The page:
Homily for July 28th, 2016:
“The kingdom of heaven is like a net thrown into the sea.” It is what we call a dragnet. Dragged along the bottom, it collects everything in its path. In
Matthew’s gospel it immediately follows the parable
of the weeds among the wheat. Both parables have a similar message, one which Jesus’
first hearers would easily have understood. They were familiar with dietary
laws, which separated unclean foods from those they were permitted to eat. Sea
creatures without fins or scales were unclean, and hence could not be eaten. So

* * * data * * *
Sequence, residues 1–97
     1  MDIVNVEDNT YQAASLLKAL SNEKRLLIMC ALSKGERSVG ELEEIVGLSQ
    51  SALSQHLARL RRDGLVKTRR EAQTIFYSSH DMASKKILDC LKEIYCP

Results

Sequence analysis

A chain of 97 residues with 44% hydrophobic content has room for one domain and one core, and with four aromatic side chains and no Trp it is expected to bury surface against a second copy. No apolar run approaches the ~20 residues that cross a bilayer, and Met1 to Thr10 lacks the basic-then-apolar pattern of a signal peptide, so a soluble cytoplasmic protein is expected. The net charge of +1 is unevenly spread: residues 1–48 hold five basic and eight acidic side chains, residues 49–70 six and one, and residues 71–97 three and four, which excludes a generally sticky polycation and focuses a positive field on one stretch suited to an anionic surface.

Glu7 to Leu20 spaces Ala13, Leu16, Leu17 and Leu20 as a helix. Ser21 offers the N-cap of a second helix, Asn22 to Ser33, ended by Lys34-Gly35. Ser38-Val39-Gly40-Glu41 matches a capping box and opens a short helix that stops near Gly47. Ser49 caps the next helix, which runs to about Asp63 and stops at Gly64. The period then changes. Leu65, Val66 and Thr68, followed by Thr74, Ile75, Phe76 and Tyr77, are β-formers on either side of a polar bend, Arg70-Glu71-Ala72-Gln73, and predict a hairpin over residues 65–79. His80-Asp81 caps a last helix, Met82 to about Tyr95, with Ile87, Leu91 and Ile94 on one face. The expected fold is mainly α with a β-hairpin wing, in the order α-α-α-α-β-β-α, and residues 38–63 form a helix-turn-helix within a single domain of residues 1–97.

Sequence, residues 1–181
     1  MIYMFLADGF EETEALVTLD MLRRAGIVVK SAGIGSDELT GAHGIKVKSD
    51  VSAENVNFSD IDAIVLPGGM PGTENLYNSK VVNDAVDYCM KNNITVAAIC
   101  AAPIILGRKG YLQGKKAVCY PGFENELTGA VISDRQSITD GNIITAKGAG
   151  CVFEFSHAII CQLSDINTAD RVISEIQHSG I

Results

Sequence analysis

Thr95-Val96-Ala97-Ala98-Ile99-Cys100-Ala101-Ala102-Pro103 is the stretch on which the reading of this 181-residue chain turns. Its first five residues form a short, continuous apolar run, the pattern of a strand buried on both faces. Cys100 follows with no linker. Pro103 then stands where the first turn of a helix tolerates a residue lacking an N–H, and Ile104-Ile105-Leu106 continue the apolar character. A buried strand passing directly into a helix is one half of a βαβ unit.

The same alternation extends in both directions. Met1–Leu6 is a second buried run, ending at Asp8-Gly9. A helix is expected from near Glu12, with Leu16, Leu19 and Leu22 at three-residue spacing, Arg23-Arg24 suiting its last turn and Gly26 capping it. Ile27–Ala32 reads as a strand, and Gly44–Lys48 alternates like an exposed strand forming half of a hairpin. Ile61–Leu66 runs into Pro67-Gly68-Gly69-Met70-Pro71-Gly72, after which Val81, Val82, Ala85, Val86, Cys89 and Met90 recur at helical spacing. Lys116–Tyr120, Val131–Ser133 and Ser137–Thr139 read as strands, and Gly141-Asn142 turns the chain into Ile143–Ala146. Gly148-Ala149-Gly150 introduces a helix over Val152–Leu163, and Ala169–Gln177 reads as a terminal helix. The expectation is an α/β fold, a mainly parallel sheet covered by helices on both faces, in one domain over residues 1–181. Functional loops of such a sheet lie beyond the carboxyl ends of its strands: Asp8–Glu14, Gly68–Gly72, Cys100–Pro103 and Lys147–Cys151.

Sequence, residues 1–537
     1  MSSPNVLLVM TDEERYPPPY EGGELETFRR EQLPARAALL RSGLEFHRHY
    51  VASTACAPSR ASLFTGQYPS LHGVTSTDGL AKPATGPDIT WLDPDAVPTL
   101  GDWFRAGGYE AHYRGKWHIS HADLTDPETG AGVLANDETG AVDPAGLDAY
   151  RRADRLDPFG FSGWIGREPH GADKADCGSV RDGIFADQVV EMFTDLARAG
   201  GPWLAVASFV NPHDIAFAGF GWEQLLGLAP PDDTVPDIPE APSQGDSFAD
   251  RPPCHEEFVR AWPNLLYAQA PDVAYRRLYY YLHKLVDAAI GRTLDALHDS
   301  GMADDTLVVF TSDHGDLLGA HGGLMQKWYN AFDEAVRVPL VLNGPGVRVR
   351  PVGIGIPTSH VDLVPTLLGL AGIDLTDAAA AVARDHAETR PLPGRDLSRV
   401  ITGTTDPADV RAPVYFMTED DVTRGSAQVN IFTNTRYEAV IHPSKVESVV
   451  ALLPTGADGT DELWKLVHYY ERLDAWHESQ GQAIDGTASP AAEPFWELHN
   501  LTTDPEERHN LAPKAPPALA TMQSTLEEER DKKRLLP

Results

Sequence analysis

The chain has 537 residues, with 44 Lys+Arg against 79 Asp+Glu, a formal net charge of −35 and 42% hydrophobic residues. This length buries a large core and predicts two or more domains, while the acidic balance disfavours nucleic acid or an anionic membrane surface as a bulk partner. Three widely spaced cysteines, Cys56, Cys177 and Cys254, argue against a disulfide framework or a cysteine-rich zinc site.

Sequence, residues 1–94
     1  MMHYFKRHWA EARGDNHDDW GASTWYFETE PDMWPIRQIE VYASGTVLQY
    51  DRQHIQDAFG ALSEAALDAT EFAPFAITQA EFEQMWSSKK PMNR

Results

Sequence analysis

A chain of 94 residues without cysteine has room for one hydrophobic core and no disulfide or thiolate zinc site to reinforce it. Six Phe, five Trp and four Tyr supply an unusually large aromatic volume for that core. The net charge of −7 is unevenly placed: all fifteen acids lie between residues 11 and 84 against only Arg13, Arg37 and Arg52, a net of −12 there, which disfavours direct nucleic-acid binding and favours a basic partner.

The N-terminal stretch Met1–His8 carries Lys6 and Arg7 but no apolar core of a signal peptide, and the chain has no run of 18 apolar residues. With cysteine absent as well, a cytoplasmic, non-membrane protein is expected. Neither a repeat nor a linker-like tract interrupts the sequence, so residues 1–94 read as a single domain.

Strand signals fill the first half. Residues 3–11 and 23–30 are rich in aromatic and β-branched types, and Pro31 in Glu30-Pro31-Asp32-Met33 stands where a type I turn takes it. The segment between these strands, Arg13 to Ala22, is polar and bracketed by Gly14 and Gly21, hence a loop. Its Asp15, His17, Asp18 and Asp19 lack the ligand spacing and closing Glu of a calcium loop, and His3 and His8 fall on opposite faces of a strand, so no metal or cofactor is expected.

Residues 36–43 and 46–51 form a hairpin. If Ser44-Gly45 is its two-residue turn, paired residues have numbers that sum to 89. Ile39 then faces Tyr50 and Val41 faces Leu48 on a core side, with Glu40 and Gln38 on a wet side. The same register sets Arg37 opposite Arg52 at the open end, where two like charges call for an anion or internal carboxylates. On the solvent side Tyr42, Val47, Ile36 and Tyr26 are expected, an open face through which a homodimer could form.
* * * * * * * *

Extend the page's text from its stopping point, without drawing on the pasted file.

once the net is brought ashore, there must be a selection. The clean fish are
put into buckets and taken to market. Everything else is thrown away. “Thus it
will be at the end of the age,” Jesus tells us. “The angels will go out and
separate the wicked from the righteous and throw them into the fiery furnace.”
In the parable of the wheat and the weeds they do the same with the weeds.
God is not mocked, Jesus is telling us. The power of evil, of which we see signs daily in the morning headlines, and on the evening news on TV, is temporary. In the end, goodness will triumph, Jesus is telling us, and evil will be burned up in the flames of God’s justice.
That too is the gospel. That is the good news.